Residential school survivors are looking for healing and closure at the Truth and Reconciliation Commission events in Winnipeg, and some former teachers are there too, seeking the same.
Florence Kaefer taught in Norway House, Man., in the 1950s and now lives in B.C.
She said she had no idea how some students had suffered in the church-run, government-funded schools until she reconnected with one a few years ago and became close friends.
That person, Edward Gamblin, was just five years old when Kaefer met him. Now he is in hospital and she is attending the Truth and Reconciliation Commission's first national event at The Forks national historic site to honour him.
"He was so small, so the blue jeans, they rolled up the pant legs and they put a rope around his jeans because there was no belt small enough," Kaefer said, recalling when she met the young boy.
'I just cried. I told my sister that I can never think of teaching in the residential school the same way again.'—Florence Kaefer, former residential school teacher
Gamblin always loved to perform, so Kaefer said she isn't surprised he grew up to be a musician. But she was surprised to hear his song a few years ago describing the cultural, physical and sexual abuse he endured at the Norway House school.
"I just cried. I told my sister that I can never think of teaching in the residential school the same way again," Kaefer said.
She called Gamblin after hearing the song. He told her he had to hide his abuse from the good teachers, for fear he would lose them if they found out what was happening and left.
He invited Kaefer to a healing circle in 2006 and they became close friends.
Kaefer said Gamblin taught her not to be embarrassed about her past, being a part of a school where abuse took place.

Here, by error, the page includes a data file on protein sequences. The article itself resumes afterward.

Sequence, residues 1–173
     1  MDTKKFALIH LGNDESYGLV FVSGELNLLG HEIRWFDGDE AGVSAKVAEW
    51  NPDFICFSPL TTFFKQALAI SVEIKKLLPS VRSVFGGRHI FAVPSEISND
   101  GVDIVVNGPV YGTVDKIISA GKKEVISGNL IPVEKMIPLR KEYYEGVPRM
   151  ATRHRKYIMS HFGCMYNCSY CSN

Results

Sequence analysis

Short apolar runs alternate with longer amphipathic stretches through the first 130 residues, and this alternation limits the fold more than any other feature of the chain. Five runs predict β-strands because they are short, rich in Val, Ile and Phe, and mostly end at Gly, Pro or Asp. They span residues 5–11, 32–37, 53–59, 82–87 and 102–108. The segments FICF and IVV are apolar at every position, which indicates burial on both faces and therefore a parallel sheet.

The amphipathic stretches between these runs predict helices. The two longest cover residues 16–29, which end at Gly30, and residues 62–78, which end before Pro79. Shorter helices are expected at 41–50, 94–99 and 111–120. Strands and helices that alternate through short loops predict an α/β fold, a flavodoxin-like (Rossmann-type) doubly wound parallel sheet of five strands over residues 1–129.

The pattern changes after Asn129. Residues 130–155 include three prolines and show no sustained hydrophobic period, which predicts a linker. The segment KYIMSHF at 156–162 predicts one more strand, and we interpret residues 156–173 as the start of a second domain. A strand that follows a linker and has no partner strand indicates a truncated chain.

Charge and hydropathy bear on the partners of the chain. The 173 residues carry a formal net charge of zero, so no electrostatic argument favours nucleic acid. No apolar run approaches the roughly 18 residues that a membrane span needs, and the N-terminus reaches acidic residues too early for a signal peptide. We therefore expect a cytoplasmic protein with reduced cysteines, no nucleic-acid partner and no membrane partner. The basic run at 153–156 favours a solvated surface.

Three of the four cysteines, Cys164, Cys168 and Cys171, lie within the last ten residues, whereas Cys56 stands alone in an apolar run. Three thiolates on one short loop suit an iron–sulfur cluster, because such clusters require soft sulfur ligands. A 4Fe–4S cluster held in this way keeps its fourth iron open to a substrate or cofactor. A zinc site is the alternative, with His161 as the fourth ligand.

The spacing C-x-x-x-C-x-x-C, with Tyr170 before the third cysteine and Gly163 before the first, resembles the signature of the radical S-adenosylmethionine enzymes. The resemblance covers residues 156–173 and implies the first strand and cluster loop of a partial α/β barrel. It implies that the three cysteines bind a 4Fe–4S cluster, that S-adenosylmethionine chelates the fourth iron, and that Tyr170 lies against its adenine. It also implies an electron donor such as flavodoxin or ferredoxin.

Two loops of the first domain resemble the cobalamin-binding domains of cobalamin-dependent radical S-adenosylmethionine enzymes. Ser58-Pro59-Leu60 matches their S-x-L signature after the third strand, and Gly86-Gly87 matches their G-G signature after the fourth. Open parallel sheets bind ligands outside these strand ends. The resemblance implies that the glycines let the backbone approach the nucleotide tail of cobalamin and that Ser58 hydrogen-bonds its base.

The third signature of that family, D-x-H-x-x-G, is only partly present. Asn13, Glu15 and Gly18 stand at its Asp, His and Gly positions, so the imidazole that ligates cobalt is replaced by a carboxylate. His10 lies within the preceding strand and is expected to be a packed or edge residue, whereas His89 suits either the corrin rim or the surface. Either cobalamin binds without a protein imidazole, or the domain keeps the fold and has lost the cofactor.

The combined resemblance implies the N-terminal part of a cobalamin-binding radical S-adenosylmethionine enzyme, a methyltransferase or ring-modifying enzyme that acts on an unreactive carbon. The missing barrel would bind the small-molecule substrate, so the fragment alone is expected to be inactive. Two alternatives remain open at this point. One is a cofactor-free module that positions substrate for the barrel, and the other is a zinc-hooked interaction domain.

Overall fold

"I was 19 and you don't question your church and your government when you're 19, but I certainly question my church and my government today," Kaefer said.
"I feel terrible about how these generous, welcoming people were treated."
Gamblin said Kaefer taught him to forgive.
"There are good people [teachers], who don't deserve to be labelled," he said.
Kaefer wanted to be at the TRC event to offer her sympathies and support to former students but also serve as a presence for Gamblin, who is stuck in the hospital and can't attend.
His wife just passed away and there was no one else to attend on his behalf.
About 150,000 First Nations, Métis and Inuit children were placed in more than 130 residential schools across Canada from the late 1870s until the last school closed in 1996.
The schools were meant to force the assimilation of young aboriginal people into European-Canadian society.
Many students were forbidden to speak their native languages or otherwise engage in their culture at the schools. There were some day schools, but most students stayed in residence, living on campus 10 months of the year, then going home for the summer.
Some were physically, sexually and psychologically abused at the schools.
The national event in Winnipeg, which began June 16 and ends June 19, is the first of seven national events that will take place across the country.
There are about 20 venues around The Forks, featuring art, performances, education, and other programming.
Pearl Achneepineskom attended the event to honour her brother, who was so disturbed by his treatment at a school in Kenora, Ont., that he risked freezing weather to run away.
He froze to death.
Achneepineskom, who was young and didn't attend the school, found out her brother had died when her sisters came home for summer break.
This week, she spent time making art in his memory and sharing his story.
Larry McMahon, who taught at the Lebret Residential School in Saskatchewan from 1961-65, also attended the event to give a private statement to the TRC and hoped to see some of his former students.
He said he was never abusive to his students but was embarrassed by the conduct of some colleagues.